I've not only put forward a weakness, that is not knowing a particular technology but I've also put forward how I'm going to deal with this weakness, giving reassurance to the interviewer.

Back in a minute

One of the first organisations I worked as a freelancer, were in dire need of someone with Novell Netware experience. In the rush to get someone in quickly, the usual due diligence wasn't taken and one of the manager hired a candidate based on their CV (resume) only.

When the person started, my boss asked me to take the new starter for a coffee and give them a 'heads up' on what was going on. Looking back now this was sort of their interview, even though they'd been hired.

So I asked a few questions about what they'd done and told them what was involved in during my daily undertakings at the IT department, adding what their role would encompass. When I asked them whether they had any questions, they replied,

"Actually, I need to get something from my car, I'll be back quickly".

I never saw them again, they just never came back. Their agency phoned a few days later and said this person felt out of their depth and had decided to quit. So my sort of interviewing had scared them off, if only they'd been honest and said,

"I'm a bit rusty with this technology, so it will take a few days to get on my feet".

Instead they just disappeared into the ether. Yes, they should have been interviewed before they started but that's a mistake management made.

Love thy computer

At another place I worked at, I did the interviewing when my employers were looking for a server engineer. This role required someone to come in and install the large computers known as servers. They would also have to configure them including installing the operating system and associated software.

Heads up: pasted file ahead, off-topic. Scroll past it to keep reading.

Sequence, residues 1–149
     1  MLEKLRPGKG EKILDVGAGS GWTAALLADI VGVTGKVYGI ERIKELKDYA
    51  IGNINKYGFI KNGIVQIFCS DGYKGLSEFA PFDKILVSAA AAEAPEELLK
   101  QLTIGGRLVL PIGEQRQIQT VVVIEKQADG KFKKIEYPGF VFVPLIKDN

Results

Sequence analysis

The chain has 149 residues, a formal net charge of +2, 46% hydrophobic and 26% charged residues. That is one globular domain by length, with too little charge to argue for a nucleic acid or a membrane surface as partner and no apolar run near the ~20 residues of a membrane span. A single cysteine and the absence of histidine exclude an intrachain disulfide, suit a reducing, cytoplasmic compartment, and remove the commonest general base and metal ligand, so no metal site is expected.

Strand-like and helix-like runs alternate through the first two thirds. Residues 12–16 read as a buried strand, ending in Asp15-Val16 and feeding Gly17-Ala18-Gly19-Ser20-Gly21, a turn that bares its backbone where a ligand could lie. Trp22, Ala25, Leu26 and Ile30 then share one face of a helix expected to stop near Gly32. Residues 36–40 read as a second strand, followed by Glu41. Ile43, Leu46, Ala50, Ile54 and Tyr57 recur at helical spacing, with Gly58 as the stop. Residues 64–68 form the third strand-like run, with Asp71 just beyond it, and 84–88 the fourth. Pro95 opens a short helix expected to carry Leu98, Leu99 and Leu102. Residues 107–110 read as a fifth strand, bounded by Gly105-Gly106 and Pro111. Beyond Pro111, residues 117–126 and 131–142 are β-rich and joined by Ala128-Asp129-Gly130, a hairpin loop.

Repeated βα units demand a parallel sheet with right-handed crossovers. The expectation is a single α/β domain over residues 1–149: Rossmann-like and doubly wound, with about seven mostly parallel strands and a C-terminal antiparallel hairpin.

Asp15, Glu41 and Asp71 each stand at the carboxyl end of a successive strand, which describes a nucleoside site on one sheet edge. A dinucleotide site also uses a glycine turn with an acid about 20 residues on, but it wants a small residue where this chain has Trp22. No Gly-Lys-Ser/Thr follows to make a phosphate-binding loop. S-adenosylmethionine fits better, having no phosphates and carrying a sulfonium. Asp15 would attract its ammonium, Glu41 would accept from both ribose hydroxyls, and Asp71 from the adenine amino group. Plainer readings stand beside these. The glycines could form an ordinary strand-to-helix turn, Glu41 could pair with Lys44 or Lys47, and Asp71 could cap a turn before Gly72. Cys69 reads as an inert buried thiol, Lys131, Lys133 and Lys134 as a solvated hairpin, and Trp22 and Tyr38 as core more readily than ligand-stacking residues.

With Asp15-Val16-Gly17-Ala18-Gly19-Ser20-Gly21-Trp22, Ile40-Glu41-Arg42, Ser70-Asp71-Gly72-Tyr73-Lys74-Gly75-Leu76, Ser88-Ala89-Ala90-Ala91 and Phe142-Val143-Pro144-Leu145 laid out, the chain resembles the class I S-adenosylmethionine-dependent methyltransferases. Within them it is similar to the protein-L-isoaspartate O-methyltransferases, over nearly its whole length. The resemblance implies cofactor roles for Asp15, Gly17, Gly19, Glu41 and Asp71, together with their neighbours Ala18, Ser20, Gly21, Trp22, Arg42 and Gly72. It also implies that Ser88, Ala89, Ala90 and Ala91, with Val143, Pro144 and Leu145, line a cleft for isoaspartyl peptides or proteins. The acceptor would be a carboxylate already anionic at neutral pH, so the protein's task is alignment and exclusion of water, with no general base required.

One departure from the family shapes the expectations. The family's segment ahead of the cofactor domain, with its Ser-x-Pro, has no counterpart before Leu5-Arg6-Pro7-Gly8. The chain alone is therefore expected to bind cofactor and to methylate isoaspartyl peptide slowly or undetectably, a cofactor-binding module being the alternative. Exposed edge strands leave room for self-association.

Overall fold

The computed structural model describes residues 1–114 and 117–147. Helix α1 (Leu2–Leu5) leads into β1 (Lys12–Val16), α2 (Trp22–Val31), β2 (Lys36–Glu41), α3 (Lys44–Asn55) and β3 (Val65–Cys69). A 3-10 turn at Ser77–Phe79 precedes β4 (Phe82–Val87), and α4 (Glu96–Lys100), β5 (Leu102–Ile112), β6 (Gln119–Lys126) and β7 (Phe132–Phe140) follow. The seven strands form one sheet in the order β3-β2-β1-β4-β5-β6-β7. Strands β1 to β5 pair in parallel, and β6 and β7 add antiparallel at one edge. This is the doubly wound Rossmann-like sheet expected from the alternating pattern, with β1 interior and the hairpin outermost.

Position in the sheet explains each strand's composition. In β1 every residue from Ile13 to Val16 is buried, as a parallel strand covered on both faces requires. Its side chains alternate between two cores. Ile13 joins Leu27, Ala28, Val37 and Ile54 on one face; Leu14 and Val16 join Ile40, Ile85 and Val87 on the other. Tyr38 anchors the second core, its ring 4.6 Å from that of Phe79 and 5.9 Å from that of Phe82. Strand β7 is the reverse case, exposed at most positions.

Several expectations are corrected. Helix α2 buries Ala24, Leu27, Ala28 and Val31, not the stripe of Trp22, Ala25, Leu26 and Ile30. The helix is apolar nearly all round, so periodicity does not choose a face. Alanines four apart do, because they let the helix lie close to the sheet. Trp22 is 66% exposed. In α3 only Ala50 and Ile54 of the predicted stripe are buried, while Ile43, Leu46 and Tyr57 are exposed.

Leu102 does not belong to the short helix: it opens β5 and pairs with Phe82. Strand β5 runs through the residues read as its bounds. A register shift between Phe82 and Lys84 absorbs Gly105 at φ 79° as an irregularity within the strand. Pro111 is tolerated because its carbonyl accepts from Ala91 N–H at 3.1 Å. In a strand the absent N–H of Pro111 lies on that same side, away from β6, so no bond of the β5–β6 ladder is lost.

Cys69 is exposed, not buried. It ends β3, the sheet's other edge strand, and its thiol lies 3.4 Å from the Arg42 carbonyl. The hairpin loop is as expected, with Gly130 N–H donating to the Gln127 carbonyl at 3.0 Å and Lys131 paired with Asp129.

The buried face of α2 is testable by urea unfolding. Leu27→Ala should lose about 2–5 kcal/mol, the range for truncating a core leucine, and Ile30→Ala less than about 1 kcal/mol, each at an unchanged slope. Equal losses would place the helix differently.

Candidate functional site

I remember asking one of the candidates,

"What experience do you have of racking and building Compaq servers?", they replied,

"Well, servers are like women, you have to be gentle with them and caress them, otherwise they just won't do what you want from them".

Not exactly what I was expecting and then there was more,

"I talk to all the servers I install, each one of them has its own personality and you just got to learn how to deal with them".

Don't get me wrong this person wasn't totally cuckoo, he just had no clue about interviews. All I cared about was whether we could get the right person to come in and install servers and I couldn't care less if they talked to the servers in the process. But this person just didn't think before they blurted out their answers.

Five years' time

I've also seen interview candidates answer incorrectly the classic,

"Where do you want to be in 5 years' time?", with,

"Well I want your job" and wait for it,

"I want to be your boss".

Yes, nothing better than giving the job interviewer a little insecurity about their job, when advocating, you want to be their boss or take their job.


Whilst I have no qualms about tattoos and even have a few discreet ones myself. I'm amazed by some people's attitudes to the workplace environment, especially if it's a professional services company.

At one interview when I asked whether the candidate had any further questions, they replied,

"I'm getting a tattoo done on my neck and want to wear t-shirts, jeans and trainers, is this ok?"

Of course it isn't, this is a professional services company for sake. How would the customers appreciate sending someone over looking as if they've just walked off the street to carry out consulting?

Don't ask this question.

At the end of an interview, the candidate is usually asked,

"Have you got any questions?"

Like many interviewers, I hate it when candidates respond,

"Yes, just one, have I got the job then?"

It's such a pretentious reply, it makes me think, what gives you the right to ask such a question?

Interviewers do things their way and upsetting the way they do this, such as making their decisions, just leads to them deciding against hiring you.

Just ask a real question such as along the lines of career progression opportunities or tell the interviewer, you have no further questions.